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Last updated on April 30th, 2012 at 08:44 am
I love beading and wire-work jewelry magazines.
I learn a ton from them, andÂ “learning” is the topic of my March posts while I work on my product launch dream.
Do you ever get sick of learning?
Value is one of the things I aim for when learning something new. I know this may seem like an odd way to approach knowledge, but if I am going to spend the time I want to know that I will find value in what I have learned.
Here is my thought process when learning something new:
- Is the information in a format that helps me learn? Personally I learn best by experiencing it as a kinesthetic learner.
- Does getting the information fit into my erratic schedule? Can I access information after the class or seminar to review?
Getting the information you need
One of the information sources I have been receiving for over 2 years is the Jewelry Seller email newsletter. The newsletter comes from an interesting source, Dr. David Weiman, who’s background includes 2 Masters and a Doctorate in psychology, third generation in the jewelry business, the Marketing Director of several top jewelry magazines and online outlets, including two of my favorites, Step by Step Wire Jewelry and Beadwork.
Needless to say, the man has some experience in the industry.
Tell the story
One of the suggestions he has can be used as a broad recommendation for most products, but has a direct impact on a handmade product like artisan jewelry.
The reason is that people like stories. People are buying artisan jewelry for a different reason than they would buying jewelry from Walmart, or Target or some other place. They are buying it for the connection they have to the artist.
What happens when someone sees a piece of jewelry you have on, and they are interested in it? They ask you where did you get that? Tell me about that?
You have a story to tell them, and people like that story.
Putting the information to work
As with all knowledge, applying what you learn is when things start to happen. What I appreciate about this newsletter is the way the information is broken down into simple focused tasks or actions. You may remember that I have been getting this newsletter for 2 years. I’ve read, filed, printed out, and even occasionally highlighted.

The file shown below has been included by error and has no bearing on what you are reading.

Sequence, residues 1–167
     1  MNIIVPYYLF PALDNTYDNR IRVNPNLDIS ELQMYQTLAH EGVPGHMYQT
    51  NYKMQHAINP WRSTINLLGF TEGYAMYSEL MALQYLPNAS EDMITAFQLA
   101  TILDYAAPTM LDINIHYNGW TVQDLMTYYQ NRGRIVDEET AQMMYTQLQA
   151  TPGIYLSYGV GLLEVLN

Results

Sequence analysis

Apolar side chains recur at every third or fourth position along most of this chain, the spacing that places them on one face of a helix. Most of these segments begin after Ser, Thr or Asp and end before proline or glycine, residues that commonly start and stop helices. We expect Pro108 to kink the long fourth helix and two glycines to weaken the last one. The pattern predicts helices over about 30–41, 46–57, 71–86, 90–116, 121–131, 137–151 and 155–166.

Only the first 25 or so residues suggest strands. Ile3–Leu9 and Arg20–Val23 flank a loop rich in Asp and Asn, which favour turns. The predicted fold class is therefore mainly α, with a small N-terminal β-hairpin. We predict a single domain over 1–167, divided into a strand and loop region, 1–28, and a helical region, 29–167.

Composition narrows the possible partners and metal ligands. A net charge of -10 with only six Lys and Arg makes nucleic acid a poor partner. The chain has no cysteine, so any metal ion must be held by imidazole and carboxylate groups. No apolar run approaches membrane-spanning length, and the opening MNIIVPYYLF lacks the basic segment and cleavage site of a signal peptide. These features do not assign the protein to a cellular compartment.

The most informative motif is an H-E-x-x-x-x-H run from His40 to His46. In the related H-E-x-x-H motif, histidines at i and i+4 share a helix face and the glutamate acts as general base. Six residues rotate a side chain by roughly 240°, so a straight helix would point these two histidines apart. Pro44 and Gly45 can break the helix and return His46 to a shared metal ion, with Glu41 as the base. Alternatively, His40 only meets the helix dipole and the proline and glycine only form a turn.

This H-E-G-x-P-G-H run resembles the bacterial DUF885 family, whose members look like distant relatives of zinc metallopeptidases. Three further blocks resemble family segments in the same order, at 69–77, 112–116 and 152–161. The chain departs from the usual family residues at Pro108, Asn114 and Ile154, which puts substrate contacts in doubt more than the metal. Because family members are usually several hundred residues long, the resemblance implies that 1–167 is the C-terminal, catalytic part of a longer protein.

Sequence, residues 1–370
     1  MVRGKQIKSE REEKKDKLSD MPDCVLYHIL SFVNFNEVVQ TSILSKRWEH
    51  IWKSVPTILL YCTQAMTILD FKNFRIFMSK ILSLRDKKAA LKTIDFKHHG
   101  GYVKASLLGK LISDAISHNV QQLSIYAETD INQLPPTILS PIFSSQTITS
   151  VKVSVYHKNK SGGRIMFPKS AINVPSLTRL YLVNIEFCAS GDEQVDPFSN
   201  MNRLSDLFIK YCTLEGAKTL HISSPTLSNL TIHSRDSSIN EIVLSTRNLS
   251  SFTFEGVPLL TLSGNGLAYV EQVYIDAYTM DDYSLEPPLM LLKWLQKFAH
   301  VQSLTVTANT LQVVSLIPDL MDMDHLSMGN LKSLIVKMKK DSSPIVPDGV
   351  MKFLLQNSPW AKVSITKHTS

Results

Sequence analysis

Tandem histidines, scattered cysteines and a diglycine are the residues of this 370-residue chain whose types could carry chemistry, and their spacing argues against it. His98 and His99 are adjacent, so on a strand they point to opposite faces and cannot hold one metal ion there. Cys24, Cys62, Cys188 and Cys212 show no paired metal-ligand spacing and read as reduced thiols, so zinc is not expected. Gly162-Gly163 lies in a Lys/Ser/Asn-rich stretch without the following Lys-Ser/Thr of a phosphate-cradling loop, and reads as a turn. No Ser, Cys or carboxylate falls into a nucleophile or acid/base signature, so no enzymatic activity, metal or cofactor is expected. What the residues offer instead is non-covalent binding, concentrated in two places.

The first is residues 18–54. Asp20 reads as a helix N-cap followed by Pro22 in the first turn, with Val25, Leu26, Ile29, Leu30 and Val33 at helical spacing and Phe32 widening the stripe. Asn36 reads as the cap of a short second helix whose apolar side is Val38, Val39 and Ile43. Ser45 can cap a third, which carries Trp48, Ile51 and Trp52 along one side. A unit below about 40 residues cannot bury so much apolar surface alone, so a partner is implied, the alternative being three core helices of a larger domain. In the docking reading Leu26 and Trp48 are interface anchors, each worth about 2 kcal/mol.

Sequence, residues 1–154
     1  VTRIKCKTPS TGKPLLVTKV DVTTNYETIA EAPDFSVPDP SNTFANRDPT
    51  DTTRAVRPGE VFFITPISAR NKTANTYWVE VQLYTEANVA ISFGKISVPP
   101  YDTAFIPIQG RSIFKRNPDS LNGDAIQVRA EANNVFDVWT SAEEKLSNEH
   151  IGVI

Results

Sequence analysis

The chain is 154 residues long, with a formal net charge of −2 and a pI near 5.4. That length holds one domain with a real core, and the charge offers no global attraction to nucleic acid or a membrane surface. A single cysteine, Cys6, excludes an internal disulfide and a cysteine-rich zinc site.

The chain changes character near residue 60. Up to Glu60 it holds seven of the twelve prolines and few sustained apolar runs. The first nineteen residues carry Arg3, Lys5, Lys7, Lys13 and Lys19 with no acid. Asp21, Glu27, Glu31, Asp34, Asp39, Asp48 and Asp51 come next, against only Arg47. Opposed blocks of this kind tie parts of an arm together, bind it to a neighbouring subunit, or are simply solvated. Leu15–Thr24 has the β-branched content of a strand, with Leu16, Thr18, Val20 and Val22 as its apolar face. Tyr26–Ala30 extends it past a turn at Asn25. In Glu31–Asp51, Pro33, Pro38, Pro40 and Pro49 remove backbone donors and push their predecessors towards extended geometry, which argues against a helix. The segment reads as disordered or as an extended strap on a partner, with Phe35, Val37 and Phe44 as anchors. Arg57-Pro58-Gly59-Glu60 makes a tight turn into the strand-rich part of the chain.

I may not have taken action on every item I thought had value, but it was already in my head.
For example, my sister Michelle the Glass Artisan were having an interesting conversation the other day on selling and the taboo artisan conversion — pricing. We have had this conversation several times over the years about the balance of the cost of the item in the market vs. the time and materials that actually go into the item.
This is a presentation video Dr.David Weiman offers for those artisans – specifically jewelry makers – who are afraid to raise their pricing. I do love this particular statement in this message:
People don’t buy artisan jewelry based on price. They buy it because it’s unique, handcrafted and made by someone they want to buy from — YOU.
What information can you get?
There are so many resources of information to help you with your product launch dream that it can be overwhelming at times.
Here’s my suggestions for managing the information overload:
- Pick your niche
- Find ONE expert in that field and read their information
- Pick ONE suggestion and take action on it
This product launch dream process may take a bit longer, but you will learn a lot by focusing on one expert and then testing that suggestion in action.
What are you planning to learn this week?
Go learn more ~ Heather
Heather Montgomery is a fitness writer, triathlete, and serial entrepreneur who is devoted to sharing what she has learned about becoming a triathlete after age 40. She uses her Metabolic Training Certification to help other women struggling to get fit in mid-life. She lives and trains in Santa Rosa, California, the new home of the Ironman triathlon. You can find her biking the Sonoma County wine trails.
Note: Articles by Heather may contain affiliate links and 8WD will be compensated if you make a purchase after clicking on an affiliate link.